By Ian Bracey | March 24, 2018
Types of “Affordable” Housing
A CLT exists to provide affordable homes and community facilities for local people. But how can a CLT make homes affordable?
Housing is expensive, especially in the Cambridge area, and saving for a deposit is hard. Even renting can be a challenge. Average house prices have reached 10x average incomes. And that’s before you have looked at areas which are higher than average.
There are options to make housing more affordable, some of which are more effective than others. Below are the most commonly used.
This provides the greatest level of support and reduces rents to below market rates and supports them with eligible benefits. This level of support has strict eligibility criteria.
These are homes for rent at 80% of the market rate. There are eligibility criteria but they are not social rent.
These are homes for rent for between 80-100% of the market rate.
This is where you buy a share in a home from 25% up to 80% and pay rent on the remaining part. In order to permanently aid affordability, it isn’t possible to buy the complete home so if you want to own outright you may have to move again. The benefit is it reduces the cost or amount of borrowing, the down side is that you still have to pay rent on the rest which can make it difficult to save more. The value of the house may also continue to rise so it may get more difficult to buy the rest of it. By seeming to make houses affordable it could also make houses prices rise further, undermining genuine affordability.
This is the basis of the Government Help to Buy Scheme. You buy a home with 5% deposit and take an equity loan for up to 20% and a mortgage for 75%. It might seem like it helps, but it is again supporting rising house prices and exposing you to risk. Only a small drop in house prices would entirely wipe out your deposit. The equity loan is interest free for 5 years, but then you have to pay interest, and the rate gradually increases. You could also find that if you want to pay the loan off you have to find more money than you thought, because it’s worth 20% of the value of the house at the time. So if prices rise, you have to pay more. Overall this does nothing to help genuine affordability.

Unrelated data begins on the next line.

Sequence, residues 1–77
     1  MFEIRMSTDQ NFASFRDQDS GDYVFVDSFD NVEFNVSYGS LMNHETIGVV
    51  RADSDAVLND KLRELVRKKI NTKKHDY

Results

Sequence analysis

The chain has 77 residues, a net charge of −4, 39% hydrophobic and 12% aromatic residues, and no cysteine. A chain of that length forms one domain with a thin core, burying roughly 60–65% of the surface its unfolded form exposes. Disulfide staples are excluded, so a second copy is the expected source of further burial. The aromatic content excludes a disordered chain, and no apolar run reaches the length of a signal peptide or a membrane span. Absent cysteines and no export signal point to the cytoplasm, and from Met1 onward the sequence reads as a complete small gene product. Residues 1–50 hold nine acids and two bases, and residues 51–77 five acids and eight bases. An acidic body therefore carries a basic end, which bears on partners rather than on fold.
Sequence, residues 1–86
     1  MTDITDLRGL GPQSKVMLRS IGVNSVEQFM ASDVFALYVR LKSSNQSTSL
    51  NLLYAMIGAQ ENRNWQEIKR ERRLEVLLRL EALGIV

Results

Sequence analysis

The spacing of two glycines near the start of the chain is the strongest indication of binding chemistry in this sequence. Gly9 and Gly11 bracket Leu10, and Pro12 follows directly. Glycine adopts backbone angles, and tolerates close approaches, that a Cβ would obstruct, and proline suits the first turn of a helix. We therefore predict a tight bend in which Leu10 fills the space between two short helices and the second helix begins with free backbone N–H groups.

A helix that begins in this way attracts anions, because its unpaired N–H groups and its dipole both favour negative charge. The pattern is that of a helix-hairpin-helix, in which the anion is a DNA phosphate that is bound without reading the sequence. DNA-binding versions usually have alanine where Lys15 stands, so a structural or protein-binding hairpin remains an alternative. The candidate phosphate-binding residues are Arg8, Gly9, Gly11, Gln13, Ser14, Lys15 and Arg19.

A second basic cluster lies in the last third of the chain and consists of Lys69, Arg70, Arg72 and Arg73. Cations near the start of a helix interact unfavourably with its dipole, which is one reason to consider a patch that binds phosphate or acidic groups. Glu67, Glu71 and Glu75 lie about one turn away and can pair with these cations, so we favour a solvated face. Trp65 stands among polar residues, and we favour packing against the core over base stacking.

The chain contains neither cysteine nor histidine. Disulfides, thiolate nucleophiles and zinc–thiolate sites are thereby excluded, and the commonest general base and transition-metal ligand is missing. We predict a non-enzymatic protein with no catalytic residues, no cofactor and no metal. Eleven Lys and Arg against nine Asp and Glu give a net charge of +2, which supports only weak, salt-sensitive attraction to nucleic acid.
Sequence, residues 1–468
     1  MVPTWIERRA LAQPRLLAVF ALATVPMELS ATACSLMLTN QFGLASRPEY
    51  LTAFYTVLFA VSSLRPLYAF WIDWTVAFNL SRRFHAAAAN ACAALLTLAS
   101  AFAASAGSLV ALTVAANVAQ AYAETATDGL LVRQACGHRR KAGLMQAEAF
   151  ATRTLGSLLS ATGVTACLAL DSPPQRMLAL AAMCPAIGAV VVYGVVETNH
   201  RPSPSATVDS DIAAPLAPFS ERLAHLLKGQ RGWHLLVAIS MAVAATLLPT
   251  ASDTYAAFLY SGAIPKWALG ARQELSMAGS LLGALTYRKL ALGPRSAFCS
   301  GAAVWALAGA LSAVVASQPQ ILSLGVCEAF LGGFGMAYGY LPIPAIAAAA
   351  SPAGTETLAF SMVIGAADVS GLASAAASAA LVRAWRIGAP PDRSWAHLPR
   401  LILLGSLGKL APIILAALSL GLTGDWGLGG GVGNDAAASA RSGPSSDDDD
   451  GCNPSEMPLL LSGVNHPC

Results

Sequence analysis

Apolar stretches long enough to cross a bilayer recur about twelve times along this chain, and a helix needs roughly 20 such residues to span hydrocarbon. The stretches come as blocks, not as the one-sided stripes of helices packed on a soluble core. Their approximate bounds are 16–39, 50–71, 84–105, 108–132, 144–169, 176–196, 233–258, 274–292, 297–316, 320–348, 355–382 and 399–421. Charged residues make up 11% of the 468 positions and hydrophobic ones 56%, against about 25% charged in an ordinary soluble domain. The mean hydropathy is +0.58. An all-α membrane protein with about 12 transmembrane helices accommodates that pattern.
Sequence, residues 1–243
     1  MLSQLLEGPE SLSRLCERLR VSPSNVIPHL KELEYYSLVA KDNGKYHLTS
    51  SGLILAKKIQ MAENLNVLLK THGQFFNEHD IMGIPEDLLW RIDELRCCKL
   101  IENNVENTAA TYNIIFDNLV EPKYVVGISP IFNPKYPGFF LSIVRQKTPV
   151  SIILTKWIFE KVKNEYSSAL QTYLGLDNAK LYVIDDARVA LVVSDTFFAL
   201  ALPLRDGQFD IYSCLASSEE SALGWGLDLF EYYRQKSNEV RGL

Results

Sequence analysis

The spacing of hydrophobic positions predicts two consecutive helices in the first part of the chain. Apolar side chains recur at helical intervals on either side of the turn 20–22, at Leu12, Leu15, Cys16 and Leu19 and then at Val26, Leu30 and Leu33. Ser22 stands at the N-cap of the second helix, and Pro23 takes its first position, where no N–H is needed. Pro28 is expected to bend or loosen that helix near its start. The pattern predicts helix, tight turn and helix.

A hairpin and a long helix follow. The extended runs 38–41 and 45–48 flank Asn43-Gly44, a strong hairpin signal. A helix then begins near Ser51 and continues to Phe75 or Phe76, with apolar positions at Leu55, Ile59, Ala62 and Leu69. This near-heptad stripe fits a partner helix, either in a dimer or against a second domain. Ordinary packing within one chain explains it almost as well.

Resale Price Covenant
This is a lesser used method but has potential to keep a home truly affordable. The price of the house is set and then fixed in perpetuity. It can be based on a percentage of the market price, or a relationship to average income. It could also be indexed to rise with inflation, earnings or by other formula. There are different ways to set it up, but the principle are always the same, that the resale price is limited.
The CLT retains nomination rights over the house, so can support the local community.
The downside is that the owner doesn’t participate in any rise in value of the house. But the upside is that the home is affordable and the future value should not be subject to the risk of future large falls.
Other Ownership Options?
There could be other ownership options that we could explore, but all with the aim of making houses genuinely affordable. There may be to possibility to us self build or custom build which would help with affordability by owners doing some of the work themselves. See my previous post about self build possibilities.
What I want to achieve
What we need is something that genuinely improves affordability. That means helping people to pay a realistic amount for housing and not putting their living standards under pressure. I want to develop genuinely affordable houses for all local people. It also gives us the opportunity to do something really positive for the local area and undertake development that is community led and produces high quality houses that suit people’s needs and where they want to live.